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Almost 2 years in and still making mistakes

Nurses   (512 Views | 8 Replies)

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Hi, everyone. I just want a bit of a reality check. I have been an RN for nearly 2 years. I made it through the time where I felt I was unable to do my job. I feel I can do my job, but sometimes I make stupid mistakes. Last night I didn't order a calcium replacement for a patient when I should have. It was not life threatening, just got distracted. This morning I also transfused platelets and about 25 minutes after, the patient's lower lids got swollen.  I had never seen that kind of reaction before. Got vitals, made sure he was stable and then spoke with my charge nurse who was pretty disinterested and advised I give eye drops.

Day shift showed up. The nurse I gave swollen lower eyelid patient to seemed upset with me for not having treated it as a transfusion reaction. Again, neither of the transfusion reactions I have seen looked like this. We did handoff at bedside and then she just walked away from me without a word. It feels horrible. And I feel like this kind of behavior occurs often when I am handing off.

The nurses I hand off to seem to go out of their way to  point out how they might have done things, or use sarcasm to express judgment of how I cared for the patient.

I also sometimes walk into a situation where there is something left for me to do. For a very long time, I have felt that it was because the person I am receiving report from didn't have time to in their day to address whatever it is they are passing onto me. I just don't feel that same understanding...and is it because I am making mistakes? Even when they are honest ones like what may have been a mild transfusion reaction to platelets....

I'm just not sure how to feel confident about the care I give when I get a lot of negativity from all around.

Thoughts?

Edited by Newbie_Newbie_New

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TriciaJ has 39 years experience as a RN and specializes in Psych, Corrections, Med-Surg, Ambulatory.

16 Followers; 3,903 Posts; 42,659 Profile Views

Two years is really not enough time to achieve infallibility.  Maybe three, or four or never.

My thoughts?  How many patients do you typically have to care for?  How sick are they?  What kind of support do you get from coworkers, aides, charge nurse?  I'm suspecting your unit might be mildly toxic around the edges.  

You bring a situation to your charge nurse and she blows it off.  Then your incoming coworker throws a fit.  FYI, anything odd happening during or immediately after administration of blood products should just be treated as a transfusion reaction until someone (like the doctor) says otherwise.  But if you were in a supportive environment, someone would have been available to advise you of that, without a lot of drama.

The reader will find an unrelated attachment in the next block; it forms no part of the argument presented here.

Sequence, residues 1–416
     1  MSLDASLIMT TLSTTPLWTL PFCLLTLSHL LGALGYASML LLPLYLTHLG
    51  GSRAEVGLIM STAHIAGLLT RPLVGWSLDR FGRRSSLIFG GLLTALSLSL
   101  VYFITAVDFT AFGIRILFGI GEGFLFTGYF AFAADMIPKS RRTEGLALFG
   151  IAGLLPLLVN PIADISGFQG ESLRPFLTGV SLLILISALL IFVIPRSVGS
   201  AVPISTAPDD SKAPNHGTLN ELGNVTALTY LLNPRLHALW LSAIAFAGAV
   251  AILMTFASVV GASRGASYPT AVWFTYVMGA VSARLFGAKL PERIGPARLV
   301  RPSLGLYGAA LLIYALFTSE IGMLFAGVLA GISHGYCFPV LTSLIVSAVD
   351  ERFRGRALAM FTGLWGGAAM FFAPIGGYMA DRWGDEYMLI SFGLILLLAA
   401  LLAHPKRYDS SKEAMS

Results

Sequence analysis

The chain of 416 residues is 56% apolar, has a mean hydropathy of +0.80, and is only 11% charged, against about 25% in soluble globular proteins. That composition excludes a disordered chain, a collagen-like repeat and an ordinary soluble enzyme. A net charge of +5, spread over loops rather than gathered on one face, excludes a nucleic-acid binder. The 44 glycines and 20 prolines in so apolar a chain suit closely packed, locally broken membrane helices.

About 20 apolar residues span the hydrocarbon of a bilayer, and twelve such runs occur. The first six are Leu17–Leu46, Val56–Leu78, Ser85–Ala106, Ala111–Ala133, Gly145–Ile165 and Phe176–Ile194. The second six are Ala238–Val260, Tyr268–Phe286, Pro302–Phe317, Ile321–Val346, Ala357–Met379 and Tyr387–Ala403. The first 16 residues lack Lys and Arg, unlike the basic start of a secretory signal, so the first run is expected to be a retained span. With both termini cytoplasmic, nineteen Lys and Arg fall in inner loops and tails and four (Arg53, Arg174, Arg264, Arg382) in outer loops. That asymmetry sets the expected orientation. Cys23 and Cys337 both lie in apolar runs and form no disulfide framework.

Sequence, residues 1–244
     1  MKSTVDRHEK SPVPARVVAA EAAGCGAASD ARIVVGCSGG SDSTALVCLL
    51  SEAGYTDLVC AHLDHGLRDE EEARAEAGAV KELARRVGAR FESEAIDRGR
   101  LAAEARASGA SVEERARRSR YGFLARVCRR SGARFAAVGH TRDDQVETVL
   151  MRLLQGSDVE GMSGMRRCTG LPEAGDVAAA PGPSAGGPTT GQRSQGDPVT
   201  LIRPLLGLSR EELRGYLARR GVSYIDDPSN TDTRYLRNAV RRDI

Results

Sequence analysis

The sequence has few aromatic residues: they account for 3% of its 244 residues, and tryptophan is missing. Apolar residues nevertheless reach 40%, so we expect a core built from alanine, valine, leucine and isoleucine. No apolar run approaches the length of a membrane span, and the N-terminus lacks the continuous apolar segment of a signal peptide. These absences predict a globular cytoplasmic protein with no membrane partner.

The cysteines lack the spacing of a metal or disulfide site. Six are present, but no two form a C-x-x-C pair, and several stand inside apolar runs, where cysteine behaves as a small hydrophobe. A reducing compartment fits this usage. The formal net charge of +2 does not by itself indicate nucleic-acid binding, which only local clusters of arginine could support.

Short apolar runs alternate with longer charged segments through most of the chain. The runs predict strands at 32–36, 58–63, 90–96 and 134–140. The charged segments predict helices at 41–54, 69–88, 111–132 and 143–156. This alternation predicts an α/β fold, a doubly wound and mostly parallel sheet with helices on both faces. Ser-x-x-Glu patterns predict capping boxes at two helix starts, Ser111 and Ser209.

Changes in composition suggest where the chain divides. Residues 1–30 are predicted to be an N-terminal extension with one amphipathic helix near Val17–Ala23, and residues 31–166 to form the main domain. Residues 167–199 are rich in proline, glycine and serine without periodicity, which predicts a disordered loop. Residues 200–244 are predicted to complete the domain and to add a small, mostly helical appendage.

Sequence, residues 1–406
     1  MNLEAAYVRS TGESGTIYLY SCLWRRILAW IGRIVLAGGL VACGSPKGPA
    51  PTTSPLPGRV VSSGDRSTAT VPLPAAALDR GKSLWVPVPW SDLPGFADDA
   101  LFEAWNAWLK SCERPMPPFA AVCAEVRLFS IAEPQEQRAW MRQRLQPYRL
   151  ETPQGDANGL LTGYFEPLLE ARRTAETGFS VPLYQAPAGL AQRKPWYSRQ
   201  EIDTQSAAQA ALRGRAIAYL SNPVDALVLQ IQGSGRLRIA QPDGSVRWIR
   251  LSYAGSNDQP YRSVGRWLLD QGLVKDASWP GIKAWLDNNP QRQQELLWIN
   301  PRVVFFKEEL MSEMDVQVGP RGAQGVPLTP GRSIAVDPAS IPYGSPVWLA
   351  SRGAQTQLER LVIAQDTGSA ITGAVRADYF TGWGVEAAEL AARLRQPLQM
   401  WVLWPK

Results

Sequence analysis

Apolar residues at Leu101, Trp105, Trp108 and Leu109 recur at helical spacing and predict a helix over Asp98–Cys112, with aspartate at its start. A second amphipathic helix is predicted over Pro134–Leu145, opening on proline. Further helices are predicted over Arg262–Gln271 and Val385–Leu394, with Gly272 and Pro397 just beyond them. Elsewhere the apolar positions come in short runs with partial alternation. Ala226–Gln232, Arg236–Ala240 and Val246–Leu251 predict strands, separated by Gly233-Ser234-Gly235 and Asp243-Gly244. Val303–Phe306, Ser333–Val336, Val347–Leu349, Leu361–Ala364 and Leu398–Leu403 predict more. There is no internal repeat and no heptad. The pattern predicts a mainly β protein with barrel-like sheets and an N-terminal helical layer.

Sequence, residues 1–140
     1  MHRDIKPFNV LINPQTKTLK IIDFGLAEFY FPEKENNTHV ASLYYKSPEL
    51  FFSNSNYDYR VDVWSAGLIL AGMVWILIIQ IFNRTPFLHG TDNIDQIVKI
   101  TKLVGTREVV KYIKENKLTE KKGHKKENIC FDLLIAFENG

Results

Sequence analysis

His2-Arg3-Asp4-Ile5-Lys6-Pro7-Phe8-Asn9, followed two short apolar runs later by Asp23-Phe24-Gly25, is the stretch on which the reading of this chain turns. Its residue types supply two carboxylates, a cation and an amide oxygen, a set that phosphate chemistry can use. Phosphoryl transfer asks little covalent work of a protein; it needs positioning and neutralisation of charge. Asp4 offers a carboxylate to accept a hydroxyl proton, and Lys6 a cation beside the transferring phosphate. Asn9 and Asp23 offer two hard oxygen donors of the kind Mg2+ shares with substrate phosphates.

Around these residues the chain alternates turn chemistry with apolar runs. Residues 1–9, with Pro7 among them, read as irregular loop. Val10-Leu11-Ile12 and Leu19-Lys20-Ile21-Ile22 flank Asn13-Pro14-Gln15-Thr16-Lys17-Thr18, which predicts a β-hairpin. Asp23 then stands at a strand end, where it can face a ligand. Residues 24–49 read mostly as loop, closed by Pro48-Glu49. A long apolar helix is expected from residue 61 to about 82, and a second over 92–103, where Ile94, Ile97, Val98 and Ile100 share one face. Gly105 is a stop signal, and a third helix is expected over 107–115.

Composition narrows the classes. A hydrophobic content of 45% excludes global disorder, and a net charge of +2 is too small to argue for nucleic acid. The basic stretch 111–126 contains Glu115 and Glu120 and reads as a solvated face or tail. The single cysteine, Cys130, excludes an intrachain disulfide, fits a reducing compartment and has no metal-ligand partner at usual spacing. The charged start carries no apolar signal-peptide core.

It seems to me you are taking accountability for your errors which is a good sign.  I do think the lack of support on your unit is undermining your confidence.  How much do you like that unit?  Is it worth looking around to see what else is out there?  You now have two years of experience; you're in a position to start considering options.

Good luck.

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canoehead has 30 years experience as a BSN, RN and specializes in ER.

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I've got thirty years in and the lab just called to say I ordered an STD panel wrong. You won't become perfect, and the person you reported to...she isn't perfect either. I get so tired of the rudeness when pointing out mistakes. If someone makes a mistake you have to assume they intended to do it right, and be nice about it. They will do better next time if they aren't humiliated. Nursing as a profession has a huge issue with this.

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34 Posts; 949 Profile Views

In the grand scheme of things, two years is still pretty "fresh." From what you have described here, it sounds like your co-workers may be a little hard on each other, and also sounds like you could potentially be a  little hard on yourself.